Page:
Arguing with apologists for terror

I have had more arguments than I can count with American, British, or other European critics of Israel; either in person when I was living in the UK, or in writing over email or Facebook since I moved to Israel. The day after the shooting at Sarona I almost got embroiled in another such discussion but I resisted the temptation to respond to some comments on a friend’s Facebook feed. I knew the experience would be infuriatingly pointless.

Here is how I imagine the conversation would progress, based on past experience. The words of my imaginary interlocutor, replete with straw men and deliberately inflammatory assumptions, are drawn from real comments I’ve heard/read in similar discussions. (My ‘voice’ is in italics):

“It’s terrible what happened yesterday in Tel Aviv, but it’s because the Palestinians feel so hopeless at the lack of a peace process.”

“But it’s Mahmoud Abbas, not Netanyahu, who’s refusing to negotiate…”

“Yeah, well that’s because Israel keeps building settlements.”

“But we did implement a ten-month settlement freeze and Abbas only showed up at the negotiation table in the tenth month. Then he walked away at the end.”

“Well, if Israel’s serious about peace, why doesn’t it just get rid of the settlements?”

“What, like in Gaza?”

“Gaza’s different! Israel put a siege on Gaza. That’s why Hamas started shooting rockets.”

“Other way around I’m afraid. The siege was implemented because of the rockets.”

“Then why do you think the rocket attacks started?”

“Because there is a fundamental rejection of Israel’s very existence. The ‘occupation’ these people are fighting began in 1948 not 1967.”

“Well… anyway, the Palestinians should be able to live in freedom, not under Israeli occupation.”

“We are in agreement about that.”

“So, end the occupation and then they might accept Israel.”

“Might? You think Israel should take that risk? You think Israel should withdraw its entire military from the West Bank, in the hope that what replaces Israeli rule will be a benign Palestinian administration that recognizes the Jewish people’s right to a state? You don’t think it’s more likely that people like the thugs who slaughtered civilians in a cafe in Tel Aviv yesterday will be calling the shots?”

“That is racist. You’re assuming that the Palestinians are incapable of creating a peaceful society.”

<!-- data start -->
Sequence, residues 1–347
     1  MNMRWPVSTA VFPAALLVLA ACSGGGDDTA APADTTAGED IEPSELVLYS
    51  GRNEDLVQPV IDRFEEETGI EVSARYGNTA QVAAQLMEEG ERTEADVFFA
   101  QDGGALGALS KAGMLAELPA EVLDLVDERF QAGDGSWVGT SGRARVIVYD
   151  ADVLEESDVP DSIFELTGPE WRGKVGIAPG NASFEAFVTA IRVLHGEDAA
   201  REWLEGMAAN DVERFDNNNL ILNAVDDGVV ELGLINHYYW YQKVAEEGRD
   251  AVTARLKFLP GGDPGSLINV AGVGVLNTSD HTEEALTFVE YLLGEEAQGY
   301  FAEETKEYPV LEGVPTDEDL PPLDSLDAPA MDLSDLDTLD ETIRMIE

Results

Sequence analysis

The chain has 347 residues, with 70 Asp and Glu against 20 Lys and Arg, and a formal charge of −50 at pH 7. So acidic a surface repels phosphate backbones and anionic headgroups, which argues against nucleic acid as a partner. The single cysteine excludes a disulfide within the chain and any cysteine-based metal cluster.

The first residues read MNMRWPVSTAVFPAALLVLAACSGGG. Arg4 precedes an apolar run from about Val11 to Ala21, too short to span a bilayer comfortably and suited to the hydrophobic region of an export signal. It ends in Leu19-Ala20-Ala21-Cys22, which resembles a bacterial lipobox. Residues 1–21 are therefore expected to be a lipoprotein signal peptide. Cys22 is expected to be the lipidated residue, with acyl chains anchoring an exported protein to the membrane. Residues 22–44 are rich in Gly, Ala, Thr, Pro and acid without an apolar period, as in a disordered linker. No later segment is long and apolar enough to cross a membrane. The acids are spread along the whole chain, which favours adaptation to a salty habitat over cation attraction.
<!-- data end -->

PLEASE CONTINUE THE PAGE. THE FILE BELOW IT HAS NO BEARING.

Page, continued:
“It’s not an assumption, it’s an educated guess. In Gaza the Palestinians had an opportunity to develop a prosperous autonomous region after the Israeli withdrawal. Do you know how much western assistance they could have got for their economy had they chosen to focus on that rather than on continuing “the armed struggle” against Israel?

In the West Bank the corruption of the Palestinian Authority and its suppression of political dissent is in the grand tradition of Arab autocracies throughout the Middle East. And who’s to say an Islamist factions like Hamas – or worse – won’t take over a West Bank Palestinian State? Look around the Middle East! It doesn’t exactly inspire confidence in the chances of successful transitions to democracy in Arab society.”

“It is racist. You don’t think there are any Palestinians that want democracy.”

“That’s not what I said. I know for a fact there are Palestinians who want democracy, but they are not in power and have little means of achieving it. Meanwhile the two options presented to them seem to be an Islamist regime with a genuinely genocidal agenda towards Jews; or a more secular government, led by people like Mahmoud Abbas – a man who may be sincere in his desire to reach a two-state solution but who continues to revere Palestinian murderers of Israeli children as martyrs and who is happy to lie about Israeli intentions towards Muslim holy sites and incite violence.”

“I see. So it’s all the Palestinians’ fault, Israel is blameless and the status quo is just fine.”

“No. I’ve even written about unilateral steps that I think Israel should take to improve the lives of Palestinians in the West Bank – including evacuating some settlements. But I’m not naive enough to think it will satisfy the demands of Palestinian terrorists. What most Israelis understand – but far too few non-Israelis – is that those prepared to murder innocent civilians in cold blood will not be appeased by compromise deals. Israel’s only hope of ‘giving them what they want’ would be to commit national suicide.”

“Well, they do have a point. You did kick them out of their homes in 1948.”

“Ah. I wondered when you’d get around to admitting you essentially agree with the terrorists’ agenda – if not necessarily the means. I can see this conversation is not going to get us anywhere so I’ll conclude with this. 1948 was a war, but – and here’s the rub – it was a war started by the Palestinians and the Arab states, who rejected the UN’s offer of a two-state solution, which the Jews accepted. The Palestinian tragedy is that their leadership of the time wanted to block Jewish sovereignty more than they wanted to realize their own. They went for all-or-nothing, and ended up with nothing. Tragically for them and for us, it appears that that remains the case today.”

About the Author
Before moving to Israel from the UK, Paul worked at the Embassy of Israel to the UK in the Public Affairs department, and as the Ambassador's speechwriter. He has a Masters degree in Middle East Politics from the University of London. He is currently a Senior Fellow at the Menachem Begin Heritage Center in Jerusalem - though he writes this blog in a personal capacity. He has lectured to a variety of groups on Israeli history and politics and his articles have been published in a variety of media outlets in Israel, the UK, the US and Canada.
Related Topics
Related Posts